Tuesday, July 3, 2012
“Carl and Ruth Curtis…raised oranges and Russian Wolfhounds on North Lincoln from 1906. West Altadena developed as a haven of small idyllic ranges…” Michele Zack, Altadena, Between Wilderness and City
Lincoln Avenue was born and christened Fair Oaks Avenue sometime at the tail end of the 1800's. A dirt road leading to a middle- and upper-class pastoral paradise in Altadena, an extension of Pasadena’s main drag.
Aside from the craftsman house and groves belonging to the Curtis family, the adjacent areas included other small farms and dairies. You could ride your horse or buggy up there. Alternately, you could take the urban railroad which tracked the road about a half a mile to the west. The train brought the rich to their villas, the hikers to their trails, and the middle-income workers in Pasadena and Los Angeles to their own little piece of heaven.
At some point, a street to the east joined with the Fair Oaks of Pasadena, and this became the New Fair Oaks. They eventually rechristened the original Fair Oaks, “Lincoln Avenue.”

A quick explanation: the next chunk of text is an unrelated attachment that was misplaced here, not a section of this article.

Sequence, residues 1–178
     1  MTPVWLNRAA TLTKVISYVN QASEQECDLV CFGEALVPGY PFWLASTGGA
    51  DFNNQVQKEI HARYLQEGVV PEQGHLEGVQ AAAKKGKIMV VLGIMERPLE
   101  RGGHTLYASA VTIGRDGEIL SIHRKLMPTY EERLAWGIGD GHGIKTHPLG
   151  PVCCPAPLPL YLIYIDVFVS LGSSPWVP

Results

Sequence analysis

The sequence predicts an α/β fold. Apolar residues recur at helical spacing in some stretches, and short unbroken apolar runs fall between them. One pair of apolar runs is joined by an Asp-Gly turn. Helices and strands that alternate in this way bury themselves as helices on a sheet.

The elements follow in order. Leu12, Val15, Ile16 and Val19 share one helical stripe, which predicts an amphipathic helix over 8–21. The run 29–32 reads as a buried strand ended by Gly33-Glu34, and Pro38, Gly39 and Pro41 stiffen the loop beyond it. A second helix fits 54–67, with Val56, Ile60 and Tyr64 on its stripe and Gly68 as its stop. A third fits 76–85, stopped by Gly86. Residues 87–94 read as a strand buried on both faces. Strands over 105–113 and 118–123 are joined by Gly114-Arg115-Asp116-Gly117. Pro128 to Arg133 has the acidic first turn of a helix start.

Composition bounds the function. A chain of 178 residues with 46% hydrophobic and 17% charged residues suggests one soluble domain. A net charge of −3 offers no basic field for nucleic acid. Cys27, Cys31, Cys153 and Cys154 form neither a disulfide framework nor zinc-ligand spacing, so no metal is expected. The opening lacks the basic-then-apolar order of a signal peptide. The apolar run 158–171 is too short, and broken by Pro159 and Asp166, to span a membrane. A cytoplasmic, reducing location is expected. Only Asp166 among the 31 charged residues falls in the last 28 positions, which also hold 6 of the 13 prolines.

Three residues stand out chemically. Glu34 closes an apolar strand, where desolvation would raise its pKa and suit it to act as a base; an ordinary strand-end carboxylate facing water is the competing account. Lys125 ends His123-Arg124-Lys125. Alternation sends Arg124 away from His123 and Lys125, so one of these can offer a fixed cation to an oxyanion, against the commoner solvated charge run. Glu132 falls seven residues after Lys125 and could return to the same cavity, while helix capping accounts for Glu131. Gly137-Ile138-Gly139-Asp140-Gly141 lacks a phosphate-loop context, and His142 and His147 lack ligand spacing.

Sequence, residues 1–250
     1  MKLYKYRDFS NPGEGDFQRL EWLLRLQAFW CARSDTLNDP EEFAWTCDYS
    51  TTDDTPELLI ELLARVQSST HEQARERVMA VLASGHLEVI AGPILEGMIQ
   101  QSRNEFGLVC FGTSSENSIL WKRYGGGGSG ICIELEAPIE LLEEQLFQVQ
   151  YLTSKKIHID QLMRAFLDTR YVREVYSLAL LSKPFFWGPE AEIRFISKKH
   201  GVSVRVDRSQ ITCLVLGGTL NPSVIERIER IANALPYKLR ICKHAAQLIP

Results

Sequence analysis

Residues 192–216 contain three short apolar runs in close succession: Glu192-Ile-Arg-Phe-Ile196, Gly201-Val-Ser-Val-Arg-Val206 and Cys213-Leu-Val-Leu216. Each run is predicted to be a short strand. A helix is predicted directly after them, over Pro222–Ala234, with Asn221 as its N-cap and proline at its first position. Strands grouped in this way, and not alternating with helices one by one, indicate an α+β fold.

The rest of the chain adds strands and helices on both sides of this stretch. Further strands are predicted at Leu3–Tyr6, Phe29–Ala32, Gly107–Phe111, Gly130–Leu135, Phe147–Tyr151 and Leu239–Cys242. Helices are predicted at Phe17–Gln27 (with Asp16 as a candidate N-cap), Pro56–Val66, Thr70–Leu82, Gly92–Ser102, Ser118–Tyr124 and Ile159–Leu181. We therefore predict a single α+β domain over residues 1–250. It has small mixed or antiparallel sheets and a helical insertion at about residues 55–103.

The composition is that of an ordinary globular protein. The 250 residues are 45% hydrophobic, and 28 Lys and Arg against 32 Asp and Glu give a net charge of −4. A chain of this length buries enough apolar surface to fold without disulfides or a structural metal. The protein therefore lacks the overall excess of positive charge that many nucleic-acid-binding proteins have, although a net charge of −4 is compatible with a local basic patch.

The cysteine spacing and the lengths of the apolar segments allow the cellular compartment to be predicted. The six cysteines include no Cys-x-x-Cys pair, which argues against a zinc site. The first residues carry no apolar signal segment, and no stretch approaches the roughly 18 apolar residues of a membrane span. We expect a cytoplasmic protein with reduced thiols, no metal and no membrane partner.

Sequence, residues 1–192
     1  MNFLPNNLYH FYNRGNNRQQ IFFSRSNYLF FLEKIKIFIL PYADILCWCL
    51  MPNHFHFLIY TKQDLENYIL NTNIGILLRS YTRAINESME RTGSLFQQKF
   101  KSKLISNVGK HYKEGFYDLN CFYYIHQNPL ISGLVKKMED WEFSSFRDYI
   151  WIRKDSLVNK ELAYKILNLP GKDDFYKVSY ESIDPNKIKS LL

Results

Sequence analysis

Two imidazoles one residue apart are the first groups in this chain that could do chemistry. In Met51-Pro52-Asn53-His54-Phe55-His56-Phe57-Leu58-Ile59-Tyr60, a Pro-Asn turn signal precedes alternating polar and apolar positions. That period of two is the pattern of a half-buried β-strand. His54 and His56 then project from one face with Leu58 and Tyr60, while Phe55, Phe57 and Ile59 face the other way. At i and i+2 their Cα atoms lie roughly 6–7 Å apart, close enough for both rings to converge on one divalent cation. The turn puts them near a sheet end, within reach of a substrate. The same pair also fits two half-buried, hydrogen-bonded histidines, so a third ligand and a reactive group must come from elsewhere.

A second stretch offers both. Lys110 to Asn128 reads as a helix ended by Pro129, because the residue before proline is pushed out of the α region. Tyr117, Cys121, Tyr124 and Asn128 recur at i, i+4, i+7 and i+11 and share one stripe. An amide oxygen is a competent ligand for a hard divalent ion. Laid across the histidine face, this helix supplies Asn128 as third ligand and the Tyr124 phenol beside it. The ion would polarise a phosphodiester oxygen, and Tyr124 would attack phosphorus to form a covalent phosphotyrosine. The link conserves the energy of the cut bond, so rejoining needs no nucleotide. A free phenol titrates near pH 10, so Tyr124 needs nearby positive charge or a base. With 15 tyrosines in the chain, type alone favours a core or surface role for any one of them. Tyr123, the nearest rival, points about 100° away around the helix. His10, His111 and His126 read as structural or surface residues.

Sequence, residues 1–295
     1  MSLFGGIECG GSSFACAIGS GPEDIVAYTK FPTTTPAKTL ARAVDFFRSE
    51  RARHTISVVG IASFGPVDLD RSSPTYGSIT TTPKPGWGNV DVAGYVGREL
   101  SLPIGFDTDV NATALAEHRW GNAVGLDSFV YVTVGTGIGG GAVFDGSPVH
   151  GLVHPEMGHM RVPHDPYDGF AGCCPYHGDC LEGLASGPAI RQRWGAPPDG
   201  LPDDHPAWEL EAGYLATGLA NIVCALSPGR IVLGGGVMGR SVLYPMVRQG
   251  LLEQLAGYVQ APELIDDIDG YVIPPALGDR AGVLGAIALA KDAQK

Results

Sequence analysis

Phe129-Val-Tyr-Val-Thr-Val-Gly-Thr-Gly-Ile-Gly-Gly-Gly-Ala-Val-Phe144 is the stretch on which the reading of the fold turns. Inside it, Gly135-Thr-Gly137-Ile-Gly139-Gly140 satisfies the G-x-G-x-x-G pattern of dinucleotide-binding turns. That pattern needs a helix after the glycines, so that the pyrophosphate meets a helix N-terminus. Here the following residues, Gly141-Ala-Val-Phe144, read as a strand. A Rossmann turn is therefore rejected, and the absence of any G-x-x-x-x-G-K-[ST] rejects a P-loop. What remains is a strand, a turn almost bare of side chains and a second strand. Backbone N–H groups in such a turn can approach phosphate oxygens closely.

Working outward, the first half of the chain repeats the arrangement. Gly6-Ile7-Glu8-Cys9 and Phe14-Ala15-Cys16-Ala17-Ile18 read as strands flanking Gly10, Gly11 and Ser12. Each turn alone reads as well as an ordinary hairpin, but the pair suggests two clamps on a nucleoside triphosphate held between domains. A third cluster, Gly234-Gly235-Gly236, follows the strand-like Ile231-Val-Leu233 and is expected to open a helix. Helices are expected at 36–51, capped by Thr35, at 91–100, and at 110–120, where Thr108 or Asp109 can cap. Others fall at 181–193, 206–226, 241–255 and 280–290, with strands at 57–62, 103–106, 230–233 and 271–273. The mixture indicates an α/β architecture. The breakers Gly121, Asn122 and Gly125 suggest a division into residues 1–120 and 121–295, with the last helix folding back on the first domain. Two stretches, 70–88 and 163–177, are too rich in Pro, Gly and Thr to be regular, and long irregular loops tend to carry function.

From the early part of the last century and up until about the 40s, West Altadena remained primarily agricultural. Though not entirely. In 1919, the dawn of prohibition, Altadena followed its own path:
"Altadena had a strong historical connection with grape growing, wine production, and resisting temperance movements." Altadena, Between Wilderness and City
Where the Community Garden stands today at Lincoln and Palm, locals and others from far flung towns, including Hollywood types, ritzed it up at the Marcell Inn -- a high-end restaurant that served fine food and hooch. Wow, we had a place for dining and dancing. Who’d have thought?
If you amble south on Lincoln, from Altadena Drive to the sign that says West Altadena Business District, little of paradise remains. [More on Patch]